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The Constitution of Constitutivism

Leffler, Karl Olof (2019) The Constitution of Constitutivism. PhD thesis, University of Leeds.

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Leffler_KO_PRHS_PhD_2019.pdf - Final eThesis - complete (pdf)
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Why be moral? According to constitutivism, there are features constitutive of agency, actual or ideal, the properties of which explain why moral norms are normative for us. I aim to investigate whether this idea is plausible. I start off critically. After defining constitutivism and outlining its attractions and problems (chapter 1), I discuss the theories of various features of agency that are supposed to ground morality according to the leading constitutivists in the literature. I find these theories wanting. They are based on implausible assumptions about agency (chapter 2), and they fail to make sense of moral (and other) norms because the so-called shmagency objection, according to which we can shirk from our normative commitments by being ‘shmagents’ rather than agents, appears in new ways for them (chapter 3). Then I get more constructive. I defend a two-tiered form of constitutivism. The first tier captures practical rationality, and the second tier captures reasons for action. Starting with the first tier, I defend a Humean theory of agency (chapter 4) and add a principle of instrumental rationality to it (chapter 5). Appendices A and B supplement these chapters with replies to criticisms of the Humean picture. In chapters 6 and 7, I put this conception of agency to work to reach the second tier of the view. I start by defending a form of reasons internalism which treats practical reasons as grounded in the desires of ideal agents (chapter 6). Then I extend this theory to moral reasons, arguing – unexpectedly for a Humean – that we have universally prescriptive reasons to cooperate with other cooperative agents to satisfy our other respective desires (chapter 7). Hence, the constitutive features of ideal agency ground a morality of cooperation. I conclude by summarizing the case for constitutivism (chapter 8).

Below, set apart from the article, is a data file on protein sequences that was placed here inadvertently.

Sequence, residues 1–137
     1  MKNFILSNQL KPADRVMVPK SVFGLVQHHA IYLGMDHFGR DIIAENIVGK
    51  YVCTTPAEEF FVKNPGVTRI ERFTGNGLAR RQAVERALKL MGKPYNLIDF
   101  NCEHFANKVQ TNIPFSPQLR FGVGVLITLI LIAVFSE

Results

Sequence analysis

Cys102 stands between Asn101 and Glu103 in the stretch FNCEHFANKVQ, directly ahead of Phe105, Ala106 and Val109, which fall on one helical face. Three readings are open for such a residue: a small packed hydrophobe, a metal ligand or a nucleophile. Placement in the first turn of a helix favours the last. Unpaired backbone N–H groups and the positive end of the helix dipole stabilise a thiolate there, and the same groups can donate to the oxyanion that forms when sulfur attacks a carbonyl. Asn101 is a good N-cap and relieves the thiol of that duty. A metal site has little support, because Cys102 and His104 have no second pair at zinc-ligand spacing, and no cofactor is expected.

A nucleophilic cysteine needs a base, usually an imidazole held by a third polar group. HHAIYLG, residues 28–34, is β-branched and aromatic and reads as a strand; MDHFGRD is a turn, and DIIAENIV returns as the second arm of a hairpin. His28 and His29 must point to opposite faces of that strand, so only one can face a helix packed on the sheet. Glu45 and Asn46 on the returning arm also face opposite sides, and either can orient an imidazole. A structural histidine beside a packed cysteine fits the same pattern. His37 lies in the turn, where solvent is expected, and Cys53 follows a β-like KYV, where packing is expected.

Item Type: Thesis (PhD)
Academic Units: The University of Leeds > Faculty of Arts, Humanities and Cultures (Leeds) > School of Philosophy, Religion and the History of Science
Depositing User: Mr Karl Olof Leffler
Date Deposited: 20 Feb 2020 16:51
Last Modified: 20 Feb 2020 16:51
URI: http://etheses.whiterose.ac.uk/id/eprint/25687

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